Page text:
Overwhelming debt can affect your entire life. If you are struggling to pay your debts each month, even on critical items like your home and your vehicle, you probably know that your job, your health and your relationships may suffer. Bankruptcy is a viable and valuable option for seeking a way out from under crushing debt. This may be a relief if you have tried other steps to pay down your debt.
However, bankruptcy may not be the most appropriate step in certain circumstances. Before you decide to take steps to file for debt relief with the Arkansas courts, you would be wise to learn as much as you can about the types of debt involved in bankruptcy and the factors that would make you a good candidate for seeking this kind of relief.
Signs you may be ready
Bankruptcy can be a lifechanging experience. Not only might it relieve you of your debt burden, but it also provides essential credit counseling and protection from collection actions. There are some debts, however, that you may not include in your case. For example, debts involving child or spousal support, student loans, governments debts, or payments related to personal injury or DUI judgments may require another route for relief. On the other hand, the following circumstances may indicate bankruptcy is an option to investigate:
- It will take more than five years to pay off your debt.
- Your debt consists of credit cards, home and vehicle loans, medical debt, utility bills, and similar obligations.
- You are receiving threats of vehicle repossession.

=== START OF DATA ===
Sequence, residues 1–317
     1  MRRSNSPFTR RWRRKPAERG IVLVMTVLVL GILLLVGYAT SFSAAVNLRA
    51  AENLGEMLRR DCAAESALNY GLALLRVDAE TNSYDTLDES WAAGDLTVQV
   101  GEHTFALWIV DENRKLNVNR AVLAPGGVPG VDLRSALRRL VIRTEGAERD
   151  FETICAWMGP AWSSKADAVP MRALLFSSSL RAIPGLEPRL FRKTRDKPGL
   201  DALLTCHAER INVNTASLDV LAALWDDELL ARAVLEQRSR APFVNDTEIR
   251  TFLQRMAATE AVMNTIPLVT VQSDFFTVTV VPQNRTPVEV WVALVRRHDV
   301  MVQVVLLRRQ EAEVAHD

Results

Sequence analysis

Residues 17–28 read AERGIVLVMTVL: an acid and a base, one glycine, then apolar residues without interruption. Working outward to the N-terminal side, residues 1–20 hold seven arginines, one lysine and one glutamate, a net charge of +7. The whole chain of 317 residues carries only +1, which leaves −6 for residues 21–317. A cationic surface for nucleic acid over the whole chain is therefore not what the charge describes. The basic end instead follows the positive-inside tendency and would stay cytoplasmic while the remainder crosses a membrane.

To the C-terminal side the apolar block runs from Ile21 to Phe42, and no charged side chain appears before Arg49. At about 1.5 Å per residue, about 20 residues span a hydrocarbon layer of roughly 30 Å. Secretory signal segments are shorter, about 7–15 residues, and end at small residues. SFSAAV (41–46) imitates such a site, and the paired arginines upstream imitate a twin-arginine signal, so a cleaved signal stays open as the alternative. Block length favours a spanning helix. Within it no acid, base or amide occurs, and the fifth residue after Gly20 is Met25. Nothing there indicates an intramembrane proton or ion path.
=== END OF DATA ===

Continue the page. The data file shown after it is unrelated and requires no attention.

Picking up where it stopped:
- You are behind on your mortgage, or your home is in foreclosure.
- Your creditors have garnished your wages.
- You owe more than you earn on debt like credit cards or personal loans.
- You have used your savings and are skimming from your retirement to make ends meet.
- You use credit cards for everyday purchases.
- You have exhausted every other resource.
If these describe you, your next step is determining whether you qualify for Chapter 7 or Chapter 13 bankruptcy.
Which is right for you?
Chapter 7, which effectively discharges eligible debt, is appropriate for those whose income and assets are too low for them to afford to repay any of the debt. Chapter 13 works for those who have a steady income and who can repay part of their debts through a payment plan.
It is important that you understand the short and long-term consequences of bankruptcy, including its effect on your credit score. But for many who are overwhelmed with debt, the hit to their credit score is worth the peace of mind they receive.